The Coping Kete

Monthly Archives: May 2015

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No. 161: Laughter Yoga

This week, to attain, maintain or regain your sense of wellbeing…

… practice laughter yoga for just a moment every day.

Laughter yoga is the practice of deliberate, voluntary laughter. The idea is that forced laughter soon turns into real laughter and has the same benefits for body, mind and mood that spontaneous laughter does. Laughing on purpose can help us learn how to create laughter from the inside and how to use laughter to shift our moods, rather than waiting for our moods to shift before we can laugh. Laughter yoga is usually practiced in groups. We get the most benefit if we can laugh vigorously for 20-30 minutes, according to Laughter Yoga Aotearoa New Zealand. Natural laughter usually comes in bursts and this why practicing in groups can help. But there’s no reason why we can’t also practice laughter yoga alone, using a few simple exercises to get us started.

This week experiment with what happens if you schedule some time to practice laughing for no reason, without needing something ‘out there’ to give you a reason. It might help to start with just a few minutes and build up to 5 or 10 or even more. You might want to warn the people you live with to expect to hear some loud laughter coming from your room for a while – they might even want to join you and that can make it even more silly and fun.Laughter yoga is something that can wake your body up, so best not to schedule your practice time right before bed, unless you find that it tends to make you feel relaxed and tired afterwards. Test it out first. It will probably feel strange to do this at first, but that’s okay. This week, give yourself permission to be silly for a brief time each day.

Here are some simple Laughter Yoga exercises that involve forced, extending laughing.

  1. Take a Laughter Drink
    • Standing up straight, feet hip-width apart, raise one hand in front of you as if holding an imaginary (and bottomless) cup full of laughter.  Take a deep breath into the bottom of your belly then ‘pour’ the laughter into your mouth as you breathe out and force yourself to fake laugh until the cup is empty. Repeat this for ten breaths in and ten breaths out, trying to laugh for a little bit longer each time you breathe out.
    • You can also imagine the cup is full of different kinds of laughter. The light, giggling laughter is floating on the top, the deepest belly laughter is sitting on bottom. Start with light tee-hees and move through the whole range of laughs until you get to the loudest, deepest ha-ha-has. With each cycle of breaths, try to laugh for a little bit longer.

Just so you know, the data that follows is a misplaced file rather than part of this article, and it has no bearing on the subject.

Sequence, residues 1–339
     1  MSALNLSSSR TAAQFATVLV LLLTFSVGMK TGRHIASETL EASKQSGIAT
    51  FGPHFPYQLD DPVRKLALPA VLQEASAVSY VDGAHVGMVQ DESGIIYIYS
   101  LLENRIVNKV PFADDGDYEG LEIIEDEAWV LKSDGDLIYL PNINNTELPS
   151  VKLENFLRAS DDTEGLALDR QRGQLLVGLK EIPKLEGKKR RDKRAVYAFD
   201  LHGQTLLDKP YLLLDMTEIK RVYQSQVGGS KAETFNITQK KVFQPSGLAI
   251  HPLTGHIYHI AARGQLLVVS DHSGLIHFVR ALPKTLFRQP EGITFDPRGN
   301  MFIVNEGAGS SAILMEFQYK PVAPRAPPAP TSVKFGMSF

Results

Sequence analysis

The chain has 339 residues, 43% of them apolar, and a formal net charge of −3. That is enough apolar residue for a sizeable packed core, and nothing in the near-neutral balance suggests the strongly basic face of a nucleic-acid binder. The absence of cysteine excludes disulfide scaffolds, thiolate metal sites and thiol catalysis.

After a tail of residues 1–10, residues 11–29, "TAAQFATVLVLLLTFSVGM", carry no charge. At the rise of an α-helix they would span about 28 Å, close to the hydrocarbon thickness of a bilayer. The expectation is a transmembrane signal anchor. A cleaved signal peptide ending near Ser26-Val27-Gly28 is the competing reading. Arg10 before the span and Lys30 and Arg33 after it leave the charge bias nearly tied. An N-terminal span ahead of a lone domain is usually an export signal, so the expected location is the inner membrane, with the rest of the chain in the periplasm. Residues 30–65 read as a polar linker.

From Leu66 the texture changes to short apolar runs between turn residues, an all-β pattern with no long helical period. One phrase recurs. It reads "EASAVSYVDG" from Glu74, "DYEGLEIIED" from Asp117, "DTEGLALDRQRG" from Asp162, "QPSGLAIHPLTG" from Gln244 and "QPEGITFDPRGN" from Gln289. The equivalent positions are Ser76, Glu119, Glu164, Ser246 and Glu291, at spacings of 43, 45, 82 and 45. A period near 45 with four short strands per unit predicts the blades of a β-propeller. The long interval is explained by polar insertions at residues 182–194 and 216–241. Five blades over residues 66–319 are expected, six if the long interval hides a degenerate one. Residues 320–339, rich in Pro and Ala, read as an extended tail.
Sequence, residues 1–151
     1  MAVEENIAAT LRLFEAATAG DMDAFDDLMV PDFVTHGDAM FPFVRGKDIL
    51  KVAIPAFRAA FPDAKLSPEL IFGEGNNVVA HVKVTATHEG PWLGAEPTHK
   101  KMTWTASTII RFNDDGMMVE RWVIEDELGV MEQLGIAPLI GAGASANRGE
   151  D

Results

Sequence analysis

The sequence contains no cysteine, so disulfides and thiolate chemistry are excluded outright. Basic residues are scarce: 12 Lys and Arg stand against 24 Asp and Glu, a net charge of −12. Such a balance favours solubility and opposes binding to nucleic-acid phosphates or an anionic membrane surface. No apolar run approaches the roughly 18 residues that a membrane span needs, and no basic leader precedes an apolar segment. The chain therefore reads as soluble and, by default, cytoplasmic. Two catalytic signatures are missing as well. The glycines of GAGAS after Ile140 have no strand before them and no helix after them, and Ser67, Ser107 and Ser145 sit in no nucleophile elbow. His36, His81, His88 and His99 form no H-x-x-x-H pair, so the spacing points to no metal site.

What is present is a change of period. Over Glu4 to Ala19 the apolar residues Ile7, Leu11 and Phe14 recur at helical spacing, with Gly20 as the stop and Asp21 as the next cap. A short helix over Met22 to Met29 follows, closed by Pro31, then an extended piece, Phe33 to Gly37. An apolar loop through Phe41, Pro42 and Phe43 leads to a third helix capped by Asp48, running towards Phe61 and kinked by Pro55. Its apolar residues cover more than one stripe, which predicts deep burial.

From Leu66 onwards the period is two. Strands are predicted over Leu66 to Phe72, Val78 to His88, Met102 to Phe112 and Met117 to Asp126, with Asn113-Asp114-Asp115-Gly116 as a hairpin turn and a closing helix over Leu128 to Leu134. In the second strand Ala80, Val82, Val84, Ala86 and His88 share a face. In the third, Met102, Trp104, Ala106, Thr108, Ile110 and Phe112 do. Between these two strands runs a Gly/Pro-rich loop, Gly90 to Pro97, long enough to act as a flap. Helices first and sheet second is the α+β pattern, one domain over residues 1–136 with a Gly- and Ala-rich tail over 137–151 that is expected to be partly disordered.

2. Laughter Balloons
    • Stand with your back straight and feet hip-width apart, place both palms flat on your belly and imagine you are holding a giant, empty balloon against your stomach. This time, on your first in-breath laughter will fill the balloon as you breathe down into your belly and stretch your arms out in a circle in front of you. Then slowly release the laughter out of the balloon on the out-breath, laughing out loud until the balloon is emptied and your palms are once again flat on your belly. Repeat five to ten times, aiming to laugh for longer each time.
  3. Laughter Hand-Ball
    • Standing with your back straight and your feet hip-width apart, facing a wall, pretend you have a laughter ball in your hands. Take a deep breath in and on the out-breath, ‘throw’ the ball at the wall with a burst of laughter, and ‘catch’ the ball when it bounces back with another burst of laughter. The louder your laugh, the faster the ball will travel. Experiment with a different kind of laughter each time.
  4. Laughter Body Fill
    • Standing with your back straight and feet firmly grounded on the floor, this time, laughter will fill your body. Imagine each in-breath fills a different part of your body with the energy to laugh. On each out-breath laugh out loud from that part of your body, whatever that means to you, starting with your toes, and moving up through your legs, stomach, chest, shoulders, nose and the top of your head.

If you work up to spending five minutes on each exercise, eventually you will be doing 20 minutes of yoga laughter a day. As you move through the week, observe how this affects your body and moods. Test out different ways to adapt the exercises to suit.

Once you are comfortable using yoga laughter at an everyday kind of time, add it to your Personal Coping Kete as a way of coping during times of stress and distress. Doing some laughter yoga could allow you to take a break from my distressing thoughts, shift your body’s physical stress responses and help release some of your brain’s happy chemicals.